Few cities in Germany are more popular than Munich. Oktoberfest, Hofbräuhaus, beer and lederhosen are just one of the many reasons foreigners love Bavaria’s capital. While restaurants are anything but scarce, you will quickly notice that few true locals (meaning people who live in Munich, as opposed to other German tourists) eat lunch or dinner in the tourist-packed centre. So, what and where do they eat? Here is your answer to eating like a local in Munich
Germany has by far the best bread in the world. Not the French and not the Austrians, we Germans are quite certain. The most authentic thing to eat in Munich for breakfast is Semmeln (buns). There is an abundance of bakeries and most of them offer a selection of takeaway options. In fact, for breakfast or for lunch, most German workers will grab something up at a bakery on 5 out of 10 days.
As a tourist, coming from a country with less of a bread-culture, you might be tempted to buy one of the many German delicacies at the bakery you will literally find around every corner. While nothing really speaks against it, I would like to point out Backspielhaus runs by far the best bakeries in Munich. The so-called Hofpfisterei comes as a second and especially around Marienplatz (the central square) you will find Richardt, who is also quite decent.
Note: A lot of budget bakeries opened in recent years. They are extremely cheap (and certainly an option for frugal travellers), they will, however, not be able to deliver you the full German bread experience. We also got some bigger bakery chains (like Müller’s), with equally mixed quality.
Either way, I recommend you start your day with a good cup of German coffee and a selection of jams and fresh buns (no boiled eggs, we only eat that on Sundays). Plain butter pretzels are also a local’s favourite and probably the most authentic thing to eat in Munich.
You could also opt to stay at one of the luxury hotels in Munich, and enjoy your typical German brunch on the rooftop terrace of, say, the Hotel Bayerischer Hof (make sure to read my guide). Munich is a very posh city and a lot of my friends go there for brunch on the weekends. The view of the inner city is, by the way, fantastic and you could even go there without staying at the hotel itself.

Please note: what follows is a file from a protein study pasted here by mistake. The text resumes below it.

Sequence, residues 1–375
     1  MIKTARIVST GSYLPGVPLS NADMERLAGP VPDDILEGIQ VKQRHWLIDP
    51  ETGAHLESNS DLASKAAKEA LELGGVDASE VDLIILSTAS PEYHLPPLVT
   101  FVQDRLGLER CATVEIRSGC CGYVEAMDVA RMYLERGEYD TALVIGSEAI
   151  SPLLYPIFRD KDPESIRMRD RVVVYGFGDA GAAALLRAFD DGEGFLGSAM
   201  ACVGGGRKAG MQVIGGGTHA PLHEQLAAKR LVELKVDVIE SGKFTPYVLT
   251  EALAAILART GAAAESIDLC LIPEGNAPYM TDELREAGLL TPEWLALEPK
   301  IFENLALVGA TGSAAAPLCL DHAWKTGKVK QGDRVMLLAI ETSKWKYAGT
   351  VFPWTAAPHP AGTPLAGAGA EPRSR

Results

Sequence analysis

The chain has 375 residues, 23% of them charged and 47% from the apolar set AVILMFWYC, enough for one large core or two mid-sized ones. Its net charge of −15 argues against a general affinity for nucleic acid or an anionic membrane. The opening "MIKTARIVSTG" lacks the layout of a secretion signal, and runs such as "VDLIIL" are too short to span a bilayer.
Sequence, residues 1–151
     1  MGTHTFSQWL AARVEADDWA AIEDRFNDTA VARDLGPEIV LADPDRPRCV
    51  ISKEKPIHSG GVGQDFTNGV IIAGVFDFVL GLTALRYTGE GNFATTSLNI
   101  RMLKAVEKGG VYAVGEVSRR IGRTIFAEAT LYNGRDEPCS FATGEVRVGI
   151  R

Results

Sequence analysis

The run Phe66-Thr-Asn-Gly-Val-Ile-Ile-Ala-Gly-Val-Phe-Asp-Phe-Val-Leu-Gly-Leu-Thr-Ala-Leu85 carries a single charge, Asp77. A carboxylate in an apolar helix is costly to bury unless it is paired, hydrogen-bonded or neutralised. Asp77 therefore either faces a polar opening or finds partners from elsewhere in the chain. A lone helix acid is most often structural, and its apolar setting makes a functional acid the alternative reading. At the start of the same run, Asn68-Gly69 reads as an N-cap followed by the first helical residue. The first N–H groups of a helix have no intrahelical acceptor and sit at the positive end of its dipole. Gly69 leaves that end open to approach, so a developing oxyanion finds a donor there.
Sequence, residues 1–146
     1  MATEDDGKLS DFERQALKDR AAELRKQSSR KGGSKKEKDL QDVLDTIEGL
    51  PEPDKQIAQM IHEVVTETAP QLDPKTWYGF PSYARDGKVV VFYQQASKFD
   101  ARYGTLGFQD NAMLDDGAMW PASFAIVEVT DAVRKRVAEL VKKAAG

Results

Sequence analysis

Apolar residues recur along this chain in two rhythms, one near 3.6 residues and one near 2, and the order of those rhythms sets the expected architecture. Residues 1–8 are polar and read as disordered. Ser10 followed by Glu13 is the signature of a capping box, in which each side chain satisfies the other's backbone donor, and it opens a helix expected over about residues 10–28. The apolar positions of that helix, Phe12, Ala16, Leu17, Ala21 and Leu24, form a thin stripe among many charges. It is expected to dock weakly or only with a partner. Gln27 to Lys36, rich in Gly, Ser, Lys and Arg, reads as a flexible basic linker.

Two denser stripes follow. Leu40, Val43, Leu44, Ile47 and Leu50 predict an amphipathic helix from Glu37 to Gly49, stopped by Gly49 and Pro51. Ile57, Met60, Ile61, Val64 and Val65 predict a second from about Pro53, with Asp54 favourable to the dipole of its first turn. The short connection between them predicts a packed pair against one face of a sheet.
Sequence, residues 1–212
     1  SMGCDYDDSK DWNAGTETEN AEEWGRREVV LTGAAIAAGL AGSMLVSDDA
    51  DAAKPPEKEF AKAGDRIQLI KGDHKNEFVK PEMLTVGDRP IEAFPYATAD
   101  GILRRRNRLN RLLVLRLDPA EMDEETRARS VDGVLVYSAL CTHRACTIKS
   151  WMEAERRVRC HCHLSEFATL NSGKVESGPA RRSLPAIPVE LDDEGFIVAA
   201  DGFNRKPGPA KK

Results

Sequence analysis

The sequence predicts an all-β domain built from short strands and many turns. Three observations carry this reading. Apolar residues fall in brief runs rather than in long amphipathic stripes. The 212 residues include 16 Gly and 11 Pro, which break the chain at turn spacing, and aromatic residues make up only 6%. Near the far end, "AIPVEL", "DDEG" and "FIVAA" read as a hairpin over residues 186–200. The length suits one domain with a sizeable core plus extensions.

Yes, a second breakfast is a thing in Germany, but especially so in Munich. It’s not a rare day that one of your co-workers of friends will invite you to enjoy some traditional Weisswurst. These white sausages can, so tradition dictates, only be served up until noon. Fresh pretzels, sweet mustard and a wheat beer (Weissbier) complement the little snack. Any traditional Bavarian restaurants will serve them. On Marienplatz, there’s a little tavern called “Zum Ewigen Licht”, where legend has it the Weisswurst was invented on February 22nd, 1857.
Truth be told, that’s not exactly a place you will find a lot of locals if any. We typically just grab them up at the butcher and eat them at home. Just don’t ask the locals which butchery has the best Weisswurst, as that will usually end in a very protracted debate and no result. 😉
If you don’t want Weisswurst, then Leberkäs is a perfect alternative and one you can grab up at almost any bakery or butchery. Leberkäs is a loaf of very finely minced meat, baked in a pan and usually served on a bun with sweet or medium hot mustard. It’s the perfect snack to go, except you are a vegetarian (but those will love our desserts and traditional cheese recipes).
Locals typically don’t eat any German food for lunch. Pizza & pasta is very high on the list, but so is sushi and the popular rest of pan-global cuisine. As a tourist, I’d recommend you skip this meal. If you are desperately hungry, then you will find a couple of traditional Bavarian restaurants in the centre.